During that 2010 meeting, then-Councilman Garcia sounded a note of interest: “I think, clearly, anytime that anything comes forward that’s innovative and that would make our city stand out, I think it definitely grabs the attention of us, and it certainly did of me.”
While the three dreamers — Sandidge, Bellehumeur and Woolwine — all represent different companies, they, along with folks from a few other corporations, have long been intertwined and motivated by the idea of creating a system that could redefine Long Beach and its skyline.
The current iteration of The Wave’s development team, Sandidge said, has remained more or less the same over the years — with their dedication to the cause assuming an almost altruistic tint.
During the 2016 Queen Mary Land Development Task Force meeting, after Bellehumeur clarified that the proposed development team members did not necessarily have to be tied to the project and other companies could bid to replace them, one of the task force members asked him, “What’s in it for you?”
To help the city, Bellehumeur replied.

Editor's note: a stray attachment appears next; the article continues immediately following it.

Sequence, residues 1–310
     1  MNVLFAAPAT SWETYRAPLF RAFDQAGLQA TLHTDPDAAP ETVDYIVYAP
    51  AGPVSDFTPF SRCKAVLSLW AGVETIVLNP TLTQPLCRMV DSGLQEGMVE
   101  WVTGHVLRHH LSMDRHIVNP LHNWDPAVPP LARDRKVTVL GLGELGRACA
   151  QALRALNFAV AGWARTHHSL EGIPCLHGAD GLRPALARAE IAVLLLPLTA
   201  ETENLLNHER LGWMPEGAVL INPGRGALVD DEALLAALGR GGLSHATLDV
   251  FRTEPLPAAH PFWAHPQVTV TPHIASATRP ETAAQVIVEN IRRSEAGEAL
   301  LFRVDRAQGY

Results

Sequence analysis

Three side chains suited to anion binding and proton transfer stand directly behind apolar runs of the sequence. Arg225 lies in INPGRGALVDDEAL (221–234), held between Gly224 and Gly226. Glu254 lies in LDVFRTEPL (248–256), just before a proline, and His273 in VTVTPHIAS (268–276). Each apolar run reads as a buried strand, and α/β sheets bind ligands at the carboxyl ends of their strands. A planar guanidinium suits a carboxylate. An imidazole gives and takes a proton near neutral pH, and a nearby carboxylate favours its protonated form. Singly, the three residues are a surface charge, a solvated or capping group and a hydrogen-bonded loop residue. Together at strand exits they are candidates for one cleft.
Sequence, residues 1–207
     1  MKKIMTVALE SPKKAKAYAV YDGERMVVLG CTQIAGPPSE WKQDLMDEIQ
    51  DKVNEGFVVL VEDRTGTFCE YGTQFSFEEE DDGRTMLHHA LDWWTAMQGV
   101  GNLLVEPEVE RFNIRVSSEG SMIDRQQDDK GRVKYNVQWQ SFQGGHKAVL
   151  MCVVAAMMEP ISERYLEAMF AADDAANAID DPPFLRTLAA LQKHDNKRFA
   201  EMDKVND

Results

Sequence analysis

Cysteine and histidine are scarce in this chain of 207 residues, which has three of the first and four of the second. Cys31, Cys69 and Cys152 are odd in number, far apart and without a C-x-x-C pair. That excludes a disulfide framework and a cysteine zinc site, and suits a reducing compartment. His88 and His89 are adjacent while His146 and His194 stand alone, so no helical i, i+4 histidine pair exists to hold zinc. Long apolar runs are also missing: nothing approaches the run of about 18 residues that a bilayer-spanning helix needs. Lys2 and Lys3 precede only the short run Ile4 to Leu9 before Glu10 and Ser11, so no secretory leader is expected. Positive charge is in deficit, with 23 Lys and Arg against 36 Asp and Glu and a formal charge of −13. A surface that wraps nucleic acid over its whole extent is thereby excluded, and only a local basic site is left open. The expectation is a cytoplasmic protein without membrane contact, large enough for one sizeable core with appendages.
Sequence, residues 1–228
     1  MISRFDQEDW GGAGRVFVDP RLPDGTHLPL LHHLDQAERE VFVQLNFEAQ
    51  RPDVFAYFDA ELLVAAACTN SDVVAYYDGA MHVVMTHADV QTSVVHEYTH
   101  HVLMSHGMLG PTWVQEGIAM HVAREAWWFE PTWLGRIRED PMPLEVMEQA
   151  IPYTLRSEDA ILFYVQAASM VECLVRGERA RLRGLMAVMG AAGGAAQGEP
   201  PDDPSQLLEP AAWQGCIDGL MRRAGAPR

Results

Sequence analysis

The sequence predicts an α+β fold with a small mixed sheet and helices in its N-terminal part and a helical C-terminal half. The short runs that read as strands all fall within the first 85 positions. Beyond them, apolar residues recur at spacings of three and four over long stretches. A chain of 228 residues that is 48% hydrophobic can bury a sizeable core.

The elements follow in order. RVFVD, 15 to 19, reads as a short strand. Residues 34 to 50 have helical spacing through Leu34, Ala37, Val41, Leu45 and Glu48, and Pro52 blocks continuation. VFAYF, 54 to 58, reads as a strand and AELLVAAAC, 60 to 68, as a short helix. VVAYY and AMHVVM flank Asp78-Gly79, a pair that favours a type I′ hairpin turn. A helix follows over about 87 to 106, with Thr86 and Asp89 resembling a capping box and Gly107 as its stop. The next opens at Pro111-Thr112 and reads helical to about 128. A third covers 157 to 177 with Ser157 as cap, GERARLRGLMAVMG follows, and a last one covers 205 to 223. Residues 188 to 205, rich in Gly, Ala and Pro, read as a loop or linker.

“I am not in this for money,” he said. “So you can write it down, and if you find that somewhere in the future, ‘Here’s Alex, and he wants 25, 30 percent of the project, because of the two decades that he’s put into it,’ then you can (say something), and I will be humble enough to step aside.”
Even before the development team had settled on an aerial tramway as the winning idea, the same players tried to push a monorail funicular system that would serve the same area between downtown and the waterfront.
That version of this Sisyphean project was the closest to come to fruition in 2008, when Urban Innovations had secured $4 million in federal grants to kick it off. But access to the Queen Mary has always been a vital element of the plan, so when the ship’s operator Save the Queen, LLC, went into default in 2009, the deal was scrapped and the grant funds were returned.
But rather than throwing his hands up and considering the project a loss, Bellehumeur went on to tout the team’s ability to win grant funding once as evidence that it might be able to do so again.
“The funding of this project was doable then, and it’s doable now,” he told the task force in 2016.